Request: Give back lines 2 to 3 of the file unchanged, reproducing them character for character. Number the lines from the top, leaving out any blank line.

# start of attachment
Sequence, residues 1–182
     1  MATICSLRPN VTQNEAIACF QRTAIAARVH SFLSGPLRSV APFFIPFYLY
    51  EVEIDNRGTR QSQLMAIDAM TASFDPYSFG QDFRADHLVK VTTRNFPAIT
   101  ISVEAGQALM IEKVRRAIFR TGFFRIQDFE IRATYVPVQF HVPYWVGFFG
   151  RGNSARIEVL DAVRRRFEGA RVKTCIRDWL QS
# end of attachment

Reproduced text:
     1  MATICSLRPN VTQNEAIACF QRTAIAARVH SFLSGPLRSV APFFIPFYLY
    51  EVEIDNRGTR QSQLMAIDAM TASFDPYSFG QDFRADHLVK VTTRNFPAIT